YOUNG v. SCHMITT

No. 65.

25 F.Supp. 905 (1938)

YOUNG v. SCHMITT et al.

District Court, W. D. Missouri, W. D.

December 29, 1938.


Attorney(s) appearing for the Case

Clif Langsdale, of Kansas City, Mo., for plaintiff.

Leo T. Schwartz, of Kansas City, Mo., for defendant York Ice Machinery Corporation.


COLLET, District Judge.

The petition alleges that all of the defendants were engaged in the business of installing electrical apparatus and other machinery in a building occupied by defendant Seven Up Kansas City Company; that plaintiff was in the employ of all of the defendants in the installation of the electrical apparatus and machinery; that the defendants and each of them negligently caused and permitted a switch carrying high voltage wires to be without covering when they knew, or by the exercise of the degree of care required by law would have known, that plaintiff would be working about the switch and be injured thereby; that while plaintiff was pursuing his employment he did come in contact with the open switch and was injured.

Defendants Schmitt and the Seven Up Kansas City Company are residents of Missouri. The defendant York Ice Machinery Corporation is a resident of Pennsylvania. Plaintiff is a resident of Missouri. The cause was removed by defendant York Corporation upon the ground that plaintiff's allegation to the effect that he was employed by the defendant York Corporation is untrue and fraudulently made to prevent removal.

No attack is made on the sufficiency of the petition as to the resident defendants.

Evidence was offered which tended to show that the defendant York Company was not plaintiff's employer and that it had nothing to do with the installation, maintenance or control of the switch. Assuming that these facts are established, the result is that there is no cause of action against the York Corporation. The joinder of a non-resident defendant against whom no cause of action is stated, or against whom no cause of action actually exists, furnishes no ground for removal. On motion to remand this Court will not pass upon a demurrer to the evidence as to the non-resident defendant. When a cause of action is stated against a non-resident defendant inquiry will be made to determine whether a cause of action is stated against a resident defendant, jointly sued. And, when fraudulent joinder of the resident defendant is alleged, that also may be determined on motion to remand. But these questions are considered not for the purpose of determining the cause on the merits, but for the purpose of ascertaining if the cause of action stated against the non-resident is actually the only cause of action involved in the controversy. If the latter question be answered affirmatively, then the action was properly removed, otherwise not. But when the facts alleged or proven on motion to remand disclose no action against the non-resident on any theory, the non-resident defendant can no longer successfully contend that there is a separate cause of action stated against him which he has the right to have determined in the Federal Courts. The motion to remand may not be utilized as a means of having the merits of the controversy determined on demurrer. The State Courts must be depended upon to discharge the non-resident defendant where there is no existing cause of action against it. Therefore, fraudulent joinder, as that term is generally used in proceedings of this character, furnishes no ground for retention of jurisdiction when the alleged fraud consists in the joinder, without justification, of a non-resident defendant. The cases cited by defendant York Company all involve situations where there is a cause of action stated against the non-resident defendant and none or a different one against the resident defendant.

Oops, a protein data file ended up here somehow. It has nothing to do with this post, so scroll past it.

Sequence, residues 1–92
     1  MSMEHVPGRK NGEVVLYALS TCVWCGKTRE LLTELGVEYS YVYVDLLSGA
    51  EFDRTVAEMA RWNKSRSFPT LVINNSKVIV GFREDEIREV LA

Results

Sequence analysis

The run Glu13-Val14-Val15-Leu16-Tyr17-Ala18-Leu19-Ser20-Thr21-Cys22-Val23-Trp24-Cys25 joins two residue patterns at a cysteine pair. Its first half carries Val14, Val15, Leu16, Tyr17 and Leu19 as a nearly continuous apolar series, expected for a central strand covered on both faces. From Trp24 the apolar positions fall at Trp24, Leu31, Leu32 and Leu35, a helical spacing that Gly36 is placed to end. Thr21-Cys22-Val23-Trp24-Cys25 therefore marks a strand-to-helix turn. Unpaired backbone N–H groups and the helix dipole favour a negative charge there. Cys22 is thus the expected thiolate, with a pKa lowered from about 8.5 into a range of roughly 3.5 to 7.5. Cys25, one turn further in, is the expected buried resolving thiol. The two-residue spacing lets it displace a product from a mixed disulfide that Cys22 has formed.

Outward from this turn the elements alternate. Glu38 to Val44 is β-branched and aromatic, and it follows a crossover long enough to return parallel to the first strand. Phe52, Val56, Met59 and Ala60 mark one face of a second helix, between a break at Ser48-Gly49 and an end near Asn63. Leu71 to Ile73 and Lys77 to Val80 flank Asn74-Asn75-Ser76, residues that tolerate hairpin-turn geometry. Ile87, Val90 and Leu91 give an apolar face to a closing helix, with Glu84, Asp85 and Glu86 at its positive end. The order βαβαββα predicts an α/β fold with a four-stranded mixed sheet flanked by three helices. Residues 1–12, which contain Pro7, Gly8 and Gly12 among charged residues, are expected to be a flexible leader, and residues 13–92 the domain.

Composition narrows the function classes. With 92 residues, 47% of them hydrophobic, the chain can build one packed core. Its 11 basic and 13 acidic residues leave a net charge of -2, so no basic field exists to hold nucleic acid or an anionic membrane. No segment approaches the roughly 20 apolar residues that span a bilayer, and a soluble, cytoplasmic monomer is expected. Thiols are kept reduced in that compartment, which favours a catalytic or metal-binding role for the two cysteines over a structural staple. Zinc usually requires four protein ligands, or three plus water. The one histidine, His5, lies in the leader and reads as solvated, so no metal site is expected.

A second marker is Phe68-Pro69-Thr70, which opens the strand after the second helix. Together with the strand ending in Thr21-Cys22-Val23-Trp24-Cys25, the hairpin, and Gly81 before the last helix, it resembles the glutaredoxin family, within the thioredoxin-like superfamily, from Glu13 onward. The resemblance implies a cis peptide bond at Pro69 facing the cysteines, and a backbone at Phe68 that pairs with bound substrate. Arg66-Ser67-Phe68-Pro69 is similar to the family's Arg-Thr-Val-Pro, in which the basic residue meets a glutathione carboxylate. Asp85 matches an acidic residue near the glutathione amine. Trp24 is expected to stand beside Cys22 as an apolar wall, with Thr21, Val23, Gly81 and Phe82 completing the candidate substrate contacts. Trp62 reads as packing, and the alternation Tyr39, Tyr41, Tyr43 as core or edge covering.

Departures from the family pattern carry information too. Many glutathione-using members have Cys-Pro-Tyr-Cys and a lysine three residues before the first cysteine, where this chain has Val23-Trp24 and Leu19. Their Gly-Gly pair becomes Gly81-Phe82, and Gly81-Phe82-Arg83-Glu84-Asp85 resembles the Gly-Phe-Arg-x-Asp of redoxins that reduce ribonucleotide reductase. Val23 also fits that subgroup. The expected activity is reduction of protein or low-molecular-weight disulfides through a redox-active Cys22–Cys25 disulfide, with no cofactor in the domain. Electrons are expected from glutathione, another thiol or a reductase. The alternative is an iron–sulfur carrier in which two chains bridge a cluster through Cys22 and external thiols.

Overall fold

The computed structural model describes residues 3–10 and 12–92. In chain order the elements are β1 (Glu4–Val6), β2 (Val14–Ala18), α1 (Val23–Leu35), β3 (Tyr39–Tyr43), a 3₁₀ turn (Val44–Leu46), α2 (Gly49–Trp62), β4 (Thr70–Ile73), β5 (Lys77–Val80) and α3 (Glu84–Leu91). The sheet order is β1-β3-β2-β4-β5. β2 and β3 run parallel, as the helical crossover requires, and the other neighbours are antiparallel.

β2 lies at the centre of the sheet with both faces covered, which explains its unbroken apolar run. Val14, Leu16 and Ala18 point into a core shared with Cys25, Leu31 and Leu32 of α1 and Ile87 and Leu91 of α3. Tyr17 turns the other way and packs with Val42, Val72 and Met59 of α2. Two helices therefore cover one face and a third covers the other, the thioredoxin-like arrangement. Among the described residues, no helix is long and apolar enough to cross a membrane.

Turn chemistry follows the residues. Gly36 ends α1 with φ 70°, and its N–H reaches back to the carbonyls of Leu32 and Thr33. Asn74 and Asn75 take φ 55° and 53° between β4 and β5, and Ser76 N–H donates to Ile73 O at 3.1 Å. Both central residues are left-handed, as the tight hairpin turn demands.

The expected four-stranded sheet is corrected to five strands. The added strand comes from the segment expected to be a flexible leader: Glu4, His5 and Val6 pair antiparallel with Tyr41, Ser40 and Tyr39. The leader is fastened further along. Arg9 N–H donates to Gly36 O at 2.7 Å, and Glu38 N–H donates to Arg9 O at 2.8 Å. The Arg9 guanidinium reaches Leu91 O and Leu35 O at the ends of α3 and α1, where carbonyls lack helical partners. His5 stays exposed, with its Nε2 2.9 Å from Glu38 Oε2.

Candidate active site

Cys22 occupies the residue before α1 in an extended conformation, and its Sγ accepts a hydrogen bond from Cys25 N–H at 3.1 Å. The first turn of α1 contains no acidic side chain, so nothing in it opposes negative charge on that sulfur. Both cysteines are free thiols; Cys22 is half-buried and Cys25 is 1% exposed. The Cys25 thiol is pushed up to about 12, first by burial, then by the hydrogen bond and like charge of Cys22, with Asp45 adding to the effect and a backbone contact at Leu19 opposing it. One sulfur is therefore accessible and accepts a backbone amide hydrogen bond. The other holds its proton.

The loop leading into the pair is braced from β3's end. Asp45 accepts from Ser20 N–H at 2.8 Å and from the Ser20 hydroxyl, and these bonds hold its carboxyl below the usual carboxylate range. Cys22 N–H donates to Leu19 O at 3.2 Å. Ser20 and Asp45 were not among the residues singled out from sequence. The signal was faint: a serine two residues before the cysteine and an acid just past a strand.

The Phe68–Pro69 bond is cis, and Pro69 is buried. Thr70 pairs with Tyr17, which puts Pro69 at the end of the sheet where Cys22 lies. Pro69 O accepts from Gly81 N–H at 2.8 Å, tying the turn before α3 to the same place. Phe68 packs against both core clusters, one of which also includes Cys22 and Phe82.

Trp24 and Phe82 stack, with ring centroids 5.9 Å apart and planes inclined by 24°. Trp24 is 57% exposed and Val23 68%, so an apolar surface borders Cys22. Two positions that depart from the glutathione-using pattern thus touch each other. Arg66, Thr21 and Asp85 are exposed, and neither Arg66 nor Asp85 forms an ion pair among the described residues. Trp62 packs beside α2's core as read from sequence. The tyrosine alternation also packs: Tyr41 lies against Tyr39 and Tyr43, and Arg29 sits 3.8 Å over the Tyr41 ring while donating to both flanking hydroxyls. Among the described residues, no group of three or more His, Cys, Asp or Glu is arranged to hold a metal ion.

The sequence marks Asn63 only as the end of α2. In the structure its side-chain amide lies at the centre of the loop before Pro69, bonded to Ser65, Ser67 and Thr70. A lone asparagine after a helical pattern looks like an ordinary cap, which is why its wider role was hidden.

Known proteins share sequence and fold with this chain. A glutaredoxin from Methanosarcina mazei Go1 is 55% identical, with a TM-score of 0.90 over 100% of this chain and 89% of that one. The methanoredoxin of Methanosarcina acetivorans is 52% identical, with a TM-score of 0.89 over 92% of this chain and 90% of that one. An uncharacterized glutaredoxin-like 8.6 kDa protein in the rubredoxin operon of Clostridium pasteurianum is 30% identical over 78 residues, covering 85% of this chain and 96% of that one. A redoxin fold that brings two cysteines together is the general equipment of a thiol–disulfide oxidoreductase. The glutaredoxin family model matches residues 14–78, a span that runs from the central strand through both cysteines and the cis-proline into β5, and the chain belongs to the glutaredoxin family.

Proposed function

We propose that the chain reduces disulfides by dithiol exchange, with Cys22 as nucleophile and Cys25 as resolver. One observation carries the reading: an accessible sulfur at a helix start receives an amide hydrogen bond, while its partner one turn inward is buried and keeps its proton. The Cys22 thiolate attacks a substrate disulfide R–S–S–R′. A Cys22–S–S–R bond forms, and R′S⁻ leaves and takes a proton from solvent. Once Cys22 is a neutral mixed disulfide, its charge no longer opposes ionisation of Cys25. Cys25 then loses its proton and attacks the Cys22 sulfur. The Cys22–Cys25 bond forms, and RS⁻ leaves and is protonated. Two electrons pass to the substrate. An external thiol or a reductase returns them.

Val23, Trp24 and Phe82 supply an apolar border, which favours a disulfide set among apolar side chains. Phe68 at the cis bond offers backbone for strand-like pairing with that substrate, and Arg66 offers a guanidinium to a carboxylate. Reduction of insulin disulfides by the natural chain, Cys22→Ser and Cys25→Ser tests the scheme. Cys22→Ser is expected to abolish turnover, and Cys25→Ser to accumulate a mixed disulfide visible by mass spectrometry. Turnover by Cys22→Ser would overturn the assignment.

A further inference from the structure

Defendant suggests that the Missouri Workmen's Compensation Act, Mo. St.Ann. § 3299 et seq., p. 8229 et seq., will be presumed to apply to the York Company, barring all actions against it for negligence, and furnishing plaintiff a different remedy and cause of action against that Company from the cause of action existing against the other defendants and hence a separate controversy against the York Company exists. See Epperson v. Midwest Refining Co., 8 Cir., 22 F.2d 622. Such a position belies the evidence it offered. But aside from that, under the law of Missouri as announced by the Supreme Court the application of the Workmen's Compensation Act will not be presumed. Kemper v. Gluck, 327 Mo. 733, 39 S.W.2d 330.

For the reasons indicated, the motion to remand will be sustained by appropriate order.


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